If you’re on the fence about starting down the travel hacking rabbit hole, the Chase Sapphire Preferred* is such a great place to start, and just a great card to hold for the long term for their great benefits. Also, if you want to read about the extra awesome Hawaii redemption, specifically on Alaska Airlines, I wrote about it here (note: the 25,000 point round trip is good from the west coast only. Elsewhere, I believe it’s 40,000 points round trip). *referral links
3. My mother went through another closet purge and I ended up with two bags of clothes from her to look through. I ended up keeping two dresses and one shirt, and I have a stack of a few other items that I may or may not keep. Even though I’m eighteen months in to a clothes buying ban, my goal to have a smaller, simpler closet of just clothes I love still stands, so I will only keep clothes that I really love and feel good in.
4. Soccer started up again at the kiddo’s preschool for the fall season. It’s not a frugal activity by any means (an extra $72/month on top of the standard preschool costs), but he looks forward to it every week. The purpose of tracking our expenditures closely means that we can splurge on certain comparatively expensive activities while still making our overall financial goals happen.
Of course, even $72 a month is small change compared to what it will cost if he chooses to actively pursue a sport as he gets older, but if that’s what he wants to do, we will pay for it. I grew up playing softball, and played in college, and while it was a pretty expensive activity, it was absolutely worth it. I would much rather pay for a sport than a fancy car anyway.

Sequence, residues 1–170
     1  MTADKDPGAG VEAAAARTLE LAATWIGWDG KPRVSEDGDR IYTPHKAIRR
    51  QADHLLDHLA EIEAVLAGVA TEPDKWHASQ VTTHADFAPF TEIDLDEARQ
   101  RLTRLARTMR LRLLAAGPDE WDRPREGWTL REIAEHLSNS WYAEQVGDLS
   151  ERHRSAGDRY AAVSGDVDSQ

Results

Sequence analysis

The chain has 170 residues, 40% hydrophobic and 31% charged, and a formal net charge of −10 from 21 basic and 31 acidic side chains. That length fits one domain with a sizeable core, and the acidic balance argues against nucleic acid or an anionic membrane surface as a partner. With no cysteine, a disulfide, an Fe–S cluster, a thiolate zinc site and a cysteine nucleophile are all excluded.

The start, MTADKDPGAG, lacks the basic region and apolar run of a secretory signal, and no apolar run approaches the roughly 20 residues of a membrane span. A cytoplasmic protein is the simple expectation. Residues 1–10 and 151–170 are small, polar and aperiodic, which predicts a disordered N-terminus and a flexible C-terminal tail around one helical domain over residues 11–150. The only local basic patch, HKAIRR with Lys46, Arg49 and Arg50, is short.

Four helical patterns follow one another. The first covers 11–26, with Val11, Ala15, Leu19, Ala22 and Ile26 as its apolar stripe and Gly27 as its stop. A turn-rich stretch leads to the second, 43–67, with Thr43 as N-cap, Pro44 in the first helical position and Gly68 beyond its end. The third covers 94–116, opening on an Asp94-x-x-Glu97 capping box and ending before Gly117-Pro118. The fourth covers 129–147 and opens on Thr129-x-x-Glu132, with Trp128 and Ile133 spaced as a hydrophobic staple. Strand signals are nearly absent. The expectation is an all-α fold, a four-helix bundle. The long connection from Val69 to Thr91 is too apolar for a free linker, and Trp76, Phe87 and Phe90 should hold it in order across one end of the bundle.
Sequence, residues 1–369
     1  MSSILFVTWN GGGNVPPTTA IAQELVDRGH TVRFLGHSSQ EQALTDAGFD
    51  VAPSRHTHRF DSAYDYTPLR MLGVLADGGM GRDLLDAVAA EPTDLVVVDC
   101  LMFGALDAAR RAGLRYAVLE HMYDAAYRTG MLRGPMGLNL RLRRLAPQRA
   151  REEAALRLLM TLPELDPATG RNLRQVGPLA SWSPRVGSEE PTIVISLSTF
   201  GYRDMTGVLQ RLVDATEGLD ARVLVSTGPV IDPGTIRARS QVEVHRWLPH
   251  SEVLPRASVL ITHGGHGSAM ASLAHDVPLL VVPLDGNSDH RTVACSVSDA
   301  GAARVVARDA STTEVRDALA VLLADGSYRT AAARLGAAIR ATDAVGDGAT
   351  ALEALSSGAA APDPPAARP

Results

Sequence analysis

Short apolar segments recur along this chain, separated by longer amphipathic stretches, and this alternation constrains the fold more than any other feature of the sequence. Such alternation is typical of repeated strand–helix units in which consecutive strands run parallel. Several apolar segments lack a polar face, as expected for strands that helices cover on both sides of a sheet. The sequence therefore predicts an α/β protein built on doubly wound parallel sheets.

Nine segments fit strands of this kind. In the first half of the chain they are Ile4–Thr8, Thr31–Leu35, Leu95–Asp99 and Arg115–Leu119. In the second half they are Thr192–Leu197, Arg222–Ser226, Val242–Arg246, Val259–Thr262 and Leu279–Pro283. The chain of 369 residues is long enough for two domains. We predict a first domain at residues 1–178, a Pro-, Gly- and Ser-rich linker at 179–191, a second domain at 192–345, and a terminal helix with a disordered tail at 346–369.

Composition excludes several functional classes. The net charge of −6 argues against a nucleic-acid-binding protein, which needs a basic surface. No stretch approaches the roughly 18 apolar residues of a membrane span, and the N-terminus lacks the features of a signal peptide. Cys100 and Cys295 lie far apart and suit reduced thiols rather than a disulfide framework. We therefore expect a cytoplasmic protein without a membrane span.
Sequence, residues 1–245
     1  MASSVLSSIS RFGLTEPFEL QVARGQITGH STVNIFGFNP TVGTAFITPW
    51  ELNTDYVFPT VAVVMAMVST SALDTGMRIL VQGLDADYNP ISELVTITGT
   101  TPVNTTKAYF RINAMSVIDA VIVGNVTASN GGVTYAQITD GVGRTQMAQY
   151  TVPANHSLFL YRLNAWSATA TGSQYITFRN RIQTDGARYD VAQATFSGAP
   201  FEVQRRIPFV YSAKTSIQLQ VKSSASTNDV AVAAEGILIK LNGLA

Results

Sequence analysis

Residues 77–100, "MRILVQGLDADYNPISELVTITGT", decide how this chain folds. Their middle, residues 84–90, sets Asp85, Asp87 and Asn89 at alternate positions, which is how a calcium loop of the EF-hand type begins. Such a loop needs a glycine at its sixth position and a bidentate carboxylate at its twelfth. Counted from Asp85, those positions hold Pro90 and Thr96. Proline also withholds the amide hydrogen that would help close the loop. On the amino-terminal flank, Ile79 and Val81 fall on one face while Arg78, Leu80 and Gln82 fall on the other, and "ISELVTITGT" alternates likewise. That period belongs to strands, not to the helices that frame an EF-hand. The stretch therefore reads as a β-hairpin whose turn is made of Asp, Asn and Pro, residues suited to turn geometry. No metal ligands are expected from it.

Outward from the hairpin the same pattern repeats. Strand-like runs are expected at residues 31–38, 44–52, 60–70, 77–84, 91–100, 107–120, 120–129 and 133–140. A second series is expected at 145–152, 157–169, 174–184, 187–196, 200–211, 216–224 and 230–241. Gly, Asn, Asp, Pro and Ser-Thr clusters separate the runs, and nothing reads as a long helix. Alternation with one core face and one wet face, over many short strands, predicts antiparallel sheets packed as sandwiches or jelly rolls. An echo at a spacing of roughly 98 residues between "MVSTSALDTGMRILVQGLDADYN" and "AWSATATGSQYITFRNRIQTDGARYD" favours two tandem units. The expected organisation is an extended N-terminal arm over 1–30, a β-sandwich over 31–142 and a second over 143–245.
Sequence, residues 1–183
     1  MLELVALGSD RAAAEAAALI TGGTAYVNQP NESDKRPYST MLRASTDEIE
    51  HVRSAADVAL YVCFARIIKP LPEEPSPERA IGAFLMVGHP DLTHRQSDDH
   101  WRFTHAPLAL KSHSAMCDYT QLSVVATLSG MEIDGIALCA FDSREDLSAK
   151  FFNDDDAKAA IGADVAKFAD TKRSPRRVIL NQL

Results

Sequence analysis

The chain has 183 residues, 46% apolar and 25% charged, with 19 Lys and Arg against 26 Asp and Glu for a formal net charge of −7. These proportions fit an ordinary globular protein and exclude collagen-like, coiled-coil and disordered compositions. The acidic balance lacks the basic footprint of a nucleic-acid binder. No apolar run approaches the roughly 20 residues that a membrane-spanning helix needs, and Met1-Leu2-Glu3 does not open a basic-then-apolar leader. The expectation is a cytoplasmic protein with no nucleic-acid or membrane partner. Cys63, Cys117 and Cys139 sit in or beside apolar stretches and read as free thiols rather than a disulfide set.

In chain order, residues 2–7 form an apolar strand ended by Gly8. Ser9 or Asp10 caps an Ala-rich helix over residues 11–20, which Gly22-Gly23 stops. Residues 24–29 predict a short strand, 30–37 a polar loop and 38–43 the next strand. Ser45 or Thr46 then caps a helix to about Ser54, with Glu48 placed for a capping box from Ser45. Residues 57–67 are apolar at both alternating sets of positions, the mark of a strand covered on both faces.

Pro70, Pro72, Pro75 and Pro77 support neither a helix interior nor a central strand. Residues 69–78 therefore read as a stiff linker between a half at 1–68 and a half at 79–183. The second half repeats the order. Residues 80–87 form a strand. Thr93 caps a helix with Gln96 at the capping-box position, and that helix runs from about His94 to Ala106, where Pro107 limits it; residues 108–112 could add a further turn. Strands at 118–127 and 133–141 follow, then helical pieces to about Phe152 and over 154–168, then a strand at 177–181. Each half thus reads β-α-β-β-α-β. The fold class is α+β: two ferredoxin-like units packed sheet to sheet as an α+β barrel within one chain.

5. My husband’s truck is a 1997, so there are some parts that are getting old and need routine repairs. Most recently, the weatherproofing around the windshield had cracked and started to drip a little bit of water inside of the cab. Instead of taking it in to the auto shop and paying to have it done, he did the work himself after work one day. Not a huge savings compared to a lot of vehicle expenses, but also not a huge time commitment.
No weekend running again thanks to the camping trip, but a decent amount of walking (though no 40,000 step day like the previous weekend). I did run and lift on Monday and was very happy to finally go up in weight, which was the first time in a long time because I hadn’t been lifting with any regularity. Once a week still isn’t enough to make big gains, but at least I’m making a little progress.
I had a late work meeting on Tuesday afternoon after when I normally end my day, so I didn’t have time to run that day. Wednesday I couldn’t run to work but I met up with my real life-FIRE friend for a half hour run before work and got to talk about money while running. Basically the best combo ever. He and I have been friends for close to fifteen years now, and I just lucked out that he is as money minded as I am.
Do you have any real life friends you can talk in depth about money with? Did you find them after pursuing financial independence or are they long time friends?